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Greatly concerned, Alfred tried to comfort her. endeavors to dismiss the subject from her mind, she

“My dear Louise !” he said, “pray be calm. You could not succeed, and though she soon fell asleep cannot tell how deeply grieved I am that this should from the fatigue and exbaustion her violent agitahave happened. I found your carriage there, and tion had produced, her short and fitful slumbers used it to prevent your being kept waiting. There were constantly broken, and she started up with a was some unaccountable delay; the man drove the sense of impending calamity upon her. The mornwrong way. I was miserable when I found it was |ing light brought some relief to her mind. All the so late and heard the clock strike."

alarm she had suffered the previous night seemed " It has not struck !” almost shrieked Louise. like a bad dream, and she dressed and went down “ It had not when I got in: I listened for it. It is with as much hope as fear fluttering in her heart. impossible, Alfred! If it has, I will not go home.” After all it was quite possible that the Baron might

ã How absurd !” he replied, a little contemptu- not know of her disobedience. Martin would conously. “Where would you go? Suppose the old ceal it, if possible, for his own sake, and she had not gentleman is a little angry, it is surely nothing of seen any of the other servants. Besides, the whole such very great importance. He will recover his thing was accidental. She had no intention of temper to-morrow. You don't suppose he would being late, and if Alfred had not taken the carriage, carry out such a threat as that?”

she would certainly have been at home before Here the carriage stopped suddenly before the twelve o'clock; therefore the fault was not hers, gate, which was closed. Alfred looked extremely he would explain, and no one could be so unreasonannoyed.

| able as to be angry at an unintentional fault. Still “Here, let me out; I will make it right in no she waited nervously till her husband came down. time." But all he succeeded in doing was rousing He was often late, but this day was later than the porter. He would not open the gates; he said ever. he did not dare; that his orders had been so strict Breakfast had been waiting long, when Louise inthat he could not.

quired if the Baron knew it was ready. A few Appalled at the delay, Louise hastily alighted. minutes after his own servant came in to say that he The man bowed respectfully, but would not open had knocked at his master's door, which was locked, the gate.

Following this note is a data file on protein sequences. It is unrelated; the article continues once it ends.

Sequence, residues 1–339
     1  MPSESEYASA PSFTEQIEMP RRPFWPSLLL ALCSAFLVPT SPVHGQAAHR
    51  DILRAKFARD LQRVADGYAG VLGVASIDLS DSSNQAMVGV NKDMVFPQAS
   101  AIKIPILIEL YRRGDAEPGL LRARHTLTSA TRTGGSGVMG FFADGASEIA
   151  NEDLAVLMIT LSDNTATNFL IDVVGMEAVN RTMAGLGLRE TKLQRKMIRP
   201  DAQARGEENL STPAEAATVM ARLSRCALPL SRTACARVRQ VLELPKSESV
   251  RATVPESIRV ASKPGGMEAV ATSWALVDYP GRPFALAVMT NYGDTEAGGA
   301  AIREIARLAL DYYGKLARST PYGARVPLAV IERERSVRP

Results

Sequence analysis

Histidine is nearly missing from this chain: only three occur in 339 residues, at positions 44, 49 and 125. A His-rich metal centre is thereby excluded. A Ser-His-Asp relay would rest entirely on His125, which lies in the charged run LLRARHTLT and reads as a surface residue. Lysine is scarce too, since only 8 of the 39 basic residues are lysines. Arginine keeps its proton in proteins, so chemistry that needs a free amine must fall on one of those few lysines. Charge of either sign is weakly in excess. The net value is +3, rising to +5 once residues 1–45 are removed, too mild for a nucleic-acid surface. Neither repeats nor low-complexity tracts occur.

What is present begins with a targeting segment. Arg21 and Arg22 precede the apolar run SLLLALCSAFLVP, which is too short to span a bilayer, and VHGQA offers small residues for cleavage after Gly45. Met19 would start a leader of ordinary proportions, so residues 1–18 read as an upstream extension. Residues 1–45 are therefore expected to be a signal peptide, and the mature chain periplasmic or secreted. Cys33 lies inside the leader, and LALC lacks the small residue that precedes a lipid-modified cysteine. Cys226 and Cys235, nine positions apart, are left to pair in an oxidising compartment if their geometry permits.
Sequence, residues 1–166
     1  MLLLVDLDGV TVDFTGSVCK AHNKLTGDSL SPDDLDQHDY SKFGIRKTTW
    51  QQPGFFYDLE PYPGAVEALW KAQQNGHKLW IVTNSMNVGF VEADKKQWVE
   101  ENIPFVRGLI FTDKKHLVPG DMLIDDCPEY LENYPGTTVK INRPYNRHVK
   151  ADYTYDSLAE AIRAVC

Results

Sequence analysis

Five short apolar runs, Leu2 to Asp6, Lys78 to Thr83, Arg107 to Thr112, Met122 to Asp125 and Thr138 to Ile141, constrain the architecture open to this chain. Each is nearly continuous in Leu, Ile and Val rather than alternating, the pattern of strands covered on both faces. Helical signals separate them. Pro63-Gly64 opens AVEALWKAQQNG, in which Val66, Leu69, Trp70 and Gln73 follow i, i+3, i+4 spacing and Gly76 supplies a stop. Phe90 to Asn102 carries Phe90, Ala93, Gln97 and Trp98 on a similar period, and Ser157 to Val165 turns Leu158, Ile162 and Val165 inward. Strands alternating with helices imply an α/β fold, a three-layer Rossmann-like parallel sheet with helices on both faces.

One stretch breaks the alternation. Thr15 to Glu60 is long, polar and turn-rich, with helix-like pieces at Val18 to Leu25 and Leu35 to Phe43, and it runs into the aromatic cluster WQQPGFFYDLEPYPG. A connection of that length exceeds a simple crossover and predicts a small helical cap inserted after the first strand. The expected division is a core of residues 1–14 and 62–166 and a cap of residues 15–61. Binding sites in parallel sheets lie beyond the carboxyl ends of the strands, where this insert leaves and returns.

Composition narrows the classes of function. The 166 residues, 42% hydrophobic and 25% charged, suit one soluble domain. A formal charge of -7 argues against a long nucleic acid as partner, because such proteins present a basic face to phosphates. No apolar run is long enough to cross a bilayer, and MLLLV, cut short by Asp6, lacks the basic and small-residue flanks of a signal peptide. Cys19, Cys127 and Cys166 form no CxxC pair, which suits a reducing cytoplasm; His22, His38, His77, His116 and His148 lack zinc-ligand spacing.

and could not get any reply, and feared that he " Martin, let me in. What are you waiting might be ill, and he wished for the Baroness's perfor ?”

mission to force open the door. With some hesita“Madam, I dare not. My orders were never to tion Louise granted it, and waited anxiously for the allow the doors to be opened for any one after mid-man's return, but no one came for some minutes. night."

Then she heard a smothered cry, the sound of * But for the Baroness,” said Alfred. “You many voices, then a sudden silence. She could not must open them for her. Of course she was not bear the suspense any longer, and rushed up stairs, included in such an order as that."

but on the landing her maid met her, and begged “ Yes, sir; she was specially included,” replied | her to go down stairs again, — Louis was coming to the man, in a low voice.

speak to her. “But it is preposterous - absurd !” said Alfred, "Bewildered and dismayed she went down, and the

Baron's servant followed her. He looked pale and May be so, sir,” said the man, doggedly; “but horror-stricken, and closed the door without speakI can't help it."

ing. Almost frantic with the delay, Louise laid her "What is it?” cried Louise, “ for God's sake tell hand on the servant's arm, and said, with tears in me!” her eyes, “ Martin, I have been a kind mistress to " It is my master, - the Baron;- how can I tell you; have I not? When your children were ill, I you?” nursed them myself. I have often assisted both you "He is ill, – he is dead! I must know the truth ! and your wife. I beseech you, - I implore you to Let me go to him! Why am I kept away?accede to my request.”

I “Madame must hear me,” said Louis, resolutely Martin said that Madame had always been most opposing her leaving the room. “It is but too true, kind, and that he was most grateful, but that he – he is no more ; but it is not only that, but there should lose his place, and then he and his wife and is every reason to fear that he has been murdered.” children might starve.